She's So Lovely

(Nick Cassavetes, USA/France, 1997)


These days, critics often receive the mind-boggling advice to review films the way an 'ordinary' or average moviegoer would see them. I will have to leave aside, for now, the necessary inquest into the reality-status of such a fearsome, common-denominator creature. But, in the case of She's So Lovely, I must admit that I came to the movie with a lot of heavy 'specialist' baggage.

She's So Lovely derives – it is hard to gauge how faithfully – from a script by the late John Cassavetes. It is directed by his son, Nick, and co-produced by its principal star, Sean Penn, who workshopped the script with Cassavetes senior over a decade previously. Gena Rowlands – who lit up virtually every film directed by John Cassavetes for almost twenty years – has a cameo role.

For some critics and filmmakers – maybe even a few average filmgoers as well – John Cassavetes is among the greatest writer-directors in world cinema history. Those who praise recent movies like Secrets & Lies (1996) or Nil by Mouth (1997) over such Cassavetes masterpieces as Faces (1968) or Love Streams (1984) betray their insensitivity to the truly radical and beautiful art that he so painstakingly fashioned.

Were Cassavetes fans expecting a miracle in hoping that She's So Lovely might revive the magical rigour, intensity and emotional truthfulness of his best works? It turns out to be a sadly disappointing, threadbare, largely uninspired piece. One strains to intuit, through the confused murk, what this project might once have amounted to.

For viewers unencumbered with such high expectations, perhaps the film may still deliver something unique and special. The acting is superb, and many of the central situations carry that wrenching combination of humour, tenderness and angst which was the Cassavetes trademark.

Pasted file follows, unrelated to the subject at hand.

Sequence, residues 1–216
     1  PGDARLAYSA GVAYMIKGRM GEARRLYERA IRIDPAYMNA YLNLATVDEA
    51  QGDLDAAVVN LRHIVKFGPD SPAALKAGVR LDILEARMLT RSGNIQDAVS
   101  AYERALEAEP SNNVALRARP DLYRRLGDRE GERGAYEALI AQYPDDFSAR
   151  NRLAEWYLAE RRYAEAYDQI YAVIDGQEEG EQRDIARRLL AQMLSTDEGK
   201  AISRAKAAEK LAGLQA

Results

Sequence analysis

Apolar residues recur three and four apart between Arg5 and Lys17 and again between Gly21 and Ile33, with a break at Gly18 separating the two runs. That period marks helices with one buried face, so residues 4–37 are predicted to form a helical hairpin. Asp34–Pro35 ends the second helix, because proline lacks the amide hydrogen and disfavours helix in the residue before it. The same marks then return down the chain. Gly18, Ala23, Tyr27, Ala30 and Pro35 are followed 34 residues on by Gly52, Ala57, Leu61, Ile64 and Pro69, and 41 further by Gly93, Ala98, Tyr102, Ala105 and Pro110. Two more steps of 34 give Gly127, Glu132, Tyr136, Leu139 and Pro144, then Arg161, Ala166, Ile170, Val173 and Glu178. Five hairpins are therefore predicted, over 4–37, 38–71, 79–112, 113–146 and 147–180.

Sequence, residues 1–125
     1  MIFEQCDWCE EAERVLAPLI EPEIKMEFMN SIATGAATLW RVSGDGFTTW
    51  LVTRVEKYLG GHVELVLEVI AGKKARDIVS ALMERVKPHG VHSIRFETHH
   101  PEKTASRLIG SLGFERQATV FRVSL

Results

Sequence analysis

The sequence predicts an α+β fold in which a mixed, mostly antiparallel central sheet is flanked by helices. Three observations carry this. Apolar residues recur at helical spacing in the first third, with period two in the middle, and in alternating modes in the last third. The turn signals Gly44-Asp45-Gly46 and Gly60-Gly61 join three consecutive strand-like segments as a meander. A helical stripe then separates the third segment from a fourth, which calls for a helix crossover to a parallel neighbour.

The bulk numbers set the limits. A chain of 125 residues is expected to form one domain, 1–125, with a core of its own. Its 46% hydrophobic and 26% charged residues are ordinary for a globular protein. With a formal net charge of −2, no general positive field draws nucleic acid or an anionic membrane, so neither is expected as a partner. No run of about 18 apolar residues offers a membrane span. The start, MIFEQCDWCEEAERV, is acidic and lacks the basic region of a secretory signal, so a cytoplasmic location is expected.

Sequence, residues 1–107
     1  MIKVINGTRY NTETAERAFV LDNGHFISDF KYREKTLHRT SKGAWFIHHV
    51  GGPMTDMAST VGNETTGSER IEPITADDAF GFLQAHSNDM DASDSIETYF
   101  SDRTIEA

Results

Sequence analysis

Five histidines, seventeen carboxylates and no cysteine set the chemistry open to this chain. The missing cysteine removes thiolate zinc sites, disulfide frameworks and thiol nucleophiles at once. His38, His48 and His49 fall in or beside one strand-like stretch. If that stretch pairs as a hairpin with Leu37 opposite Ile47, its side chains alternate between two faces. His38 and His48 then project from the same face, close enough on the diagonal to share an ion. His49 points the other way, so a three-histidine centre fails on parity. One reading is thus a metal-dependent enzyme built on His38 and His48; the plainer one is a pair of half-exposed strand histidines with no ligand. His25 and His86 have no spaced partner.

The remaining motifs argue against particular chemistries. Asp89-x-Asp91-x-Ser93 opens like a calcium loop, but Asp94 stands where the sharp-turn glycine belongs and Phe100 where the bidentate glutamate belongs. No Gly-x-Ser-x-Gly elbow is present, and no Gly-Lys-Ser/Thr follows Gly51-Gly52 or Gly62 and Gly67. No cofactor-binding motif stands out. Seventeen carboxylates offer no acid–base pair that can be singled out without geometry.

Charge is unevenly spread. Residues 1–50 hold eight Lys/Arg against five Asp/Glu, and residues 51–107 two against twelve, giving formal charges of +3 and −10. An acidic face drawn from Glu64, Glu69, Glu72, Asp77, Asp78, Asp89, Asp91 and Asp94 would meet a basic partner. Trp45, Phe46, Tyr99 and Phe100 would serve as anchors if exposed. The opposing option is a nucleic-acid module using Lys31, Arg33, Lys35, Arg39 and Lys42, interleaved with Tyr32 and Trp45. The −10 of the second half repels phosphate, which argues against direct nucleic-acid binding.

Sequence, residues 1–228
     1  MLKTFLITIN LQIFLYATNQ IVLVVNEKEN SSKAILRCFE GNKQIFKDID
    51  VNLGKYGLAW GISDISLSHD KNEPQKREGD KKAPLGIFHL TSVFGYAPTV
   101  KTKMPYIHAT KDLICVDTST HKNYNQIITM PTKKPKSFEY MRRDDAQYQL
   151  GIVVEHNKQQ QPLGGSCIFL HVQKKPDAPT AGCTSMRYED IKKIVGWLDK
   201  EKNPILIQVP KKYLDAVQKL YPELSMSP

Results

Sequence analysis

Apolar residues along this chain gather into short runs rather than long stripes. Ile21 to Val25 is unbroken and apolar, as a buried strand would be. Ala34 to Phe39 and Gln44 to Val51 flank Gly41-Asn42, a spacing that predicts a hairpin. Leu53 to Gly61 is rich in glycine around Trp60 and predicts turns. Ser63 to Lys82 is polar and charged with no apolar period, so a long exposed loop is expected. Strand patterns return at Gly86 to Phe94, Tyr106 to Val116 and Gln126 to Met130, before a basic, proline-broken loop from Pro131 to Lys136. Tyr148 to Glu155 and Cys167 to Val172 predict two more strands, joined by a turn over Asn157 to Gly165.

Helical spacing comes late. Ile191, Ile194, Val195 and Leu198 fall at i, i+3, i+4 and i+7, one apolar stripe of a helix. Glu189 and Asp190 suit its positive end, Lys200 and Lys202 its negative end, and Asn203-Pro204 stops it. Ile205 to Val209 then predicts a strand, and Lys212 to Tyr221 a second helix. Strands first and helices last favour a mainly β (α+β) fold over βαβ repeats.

The story, although an intimate chamber drama, occurs in two blocks of time ten years apart (a typically disjunctive Cassavetes structure). Eddie (Penn) and Maureen (Robin Wright Penn) are embroiled in a wild and difficult love relationship. They smoke, drink, fight and talk at cross-purposes – Eddie at one point cries: "You can't understand my obscurity!" When Eddie loses all control and shoots a cop, he is put away for ten years under intensive psychiatric care.

Once back in the world – and quite unaware of the time that has passed – Eddie presumes he can simply return to Maureen. But in the interim she has had Eddie's child, and taken up with a more secure guy, Joey (John Travolta). The stage is set for a tragi-comic dinner party showdown in which everyone – particularly the children who run about underfoot – is sure to suffer. Family life, in John Cassavetes' films, is always an inextricable knot of joy and pain.

How did this project – a labour of love for all concerned – go so wrong? The tone too often falls into easy, knockabout farce. Jokey mannerisms sometimes take precedence over character complexities. Worst of all, the style of the filming is as flat as the dreariest telemovie – with none of the edgy dynamism that sharpened and deepened every moment in the Cassavetes classics.

Cassavetes fans would be better advised to look elsewhere for contemporary reincarnations of the Master – in the films of Abel Ferrara and Maurice Pialat, or those directed by Sean Penn, The Indian Runner (1991) and The Crossing Guard (1995). Perhaps the kindest thing to be said for She's So Lovely is that, in its intermittent flashes of compassion, energy and despair, it may serve to introduce some viewers to the unique screen world of John Cassavetes – that world in which (to quote Love Streams) "life is a series of suicides, promises broken, children smashed, whatever".

MORE Nick Cassavetes: John Q, The Notebook

MORE Penn: The Pledge

© Adrian Martin July 1998

Film Critic: Adrian Martin
home    reviews    essays    search